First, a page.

The general elections currently underway in India are being described variously as "pivotal", "decisive", "most crucial" and "precedent-breaking". What is so special about these elections that they are generating such excitement? Is it because of the size of the electorate, an estimated 810 million voters, more than in any other democracy in the world? Is it the composition of the electorate, such as the large number of first-time voters? Or is it because India itself has undergone a significant transition and a change in the five years between the last general election in 2009 and today?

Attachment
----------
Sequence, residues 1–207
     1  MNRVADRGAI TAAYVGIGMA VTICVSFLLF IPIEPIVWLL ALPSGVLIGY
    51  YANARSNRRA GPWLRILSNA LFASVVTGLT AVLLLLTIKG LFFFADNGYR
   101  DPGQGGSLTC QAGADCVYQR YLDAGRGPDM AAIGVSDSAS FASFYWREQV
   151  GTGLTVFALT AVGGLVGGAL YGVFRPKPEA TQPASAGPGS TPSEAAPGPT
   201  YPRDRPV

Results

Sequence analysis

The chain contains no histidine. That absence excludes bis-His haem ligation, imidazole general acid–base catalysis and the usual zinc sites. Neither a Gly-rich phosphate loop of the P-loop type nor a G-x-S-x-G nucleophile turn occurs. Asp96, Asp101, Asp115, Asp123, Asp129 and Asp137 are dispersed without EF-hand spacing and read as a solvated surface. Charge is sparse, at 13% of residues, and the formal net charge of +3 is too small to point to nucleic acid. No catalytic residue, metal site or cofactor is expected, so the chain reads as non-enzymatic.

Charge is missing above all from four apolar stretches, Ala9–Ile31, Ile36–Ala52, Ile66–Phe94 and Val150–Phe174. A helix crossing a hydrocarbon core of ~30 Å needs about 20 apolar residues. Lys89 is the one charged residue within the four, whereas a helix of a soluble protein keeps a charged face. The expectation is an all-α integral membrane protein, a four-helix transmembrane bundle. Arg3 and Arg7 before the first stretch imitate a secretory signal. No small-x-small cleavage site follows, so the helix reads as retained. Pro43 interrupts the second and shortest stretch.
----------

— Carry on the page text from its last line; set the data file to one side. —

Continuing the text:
Kalpana Sharma is a journalist, columnist and writer. Currently, she is visiting faculty at the Graduate ] School of Journalism at UC Berkeley. Kalpana writes a column in *The Hindu* and is editorial consultant with the *Economic and Political Weekly*. In her over four decades as a journalist, she has held senior editorial positions at *The Hindu, Times of India, Indian Express* and *Himmat Weekly*. Her areas of focus are environmental and developmental issues, urbanization and gender.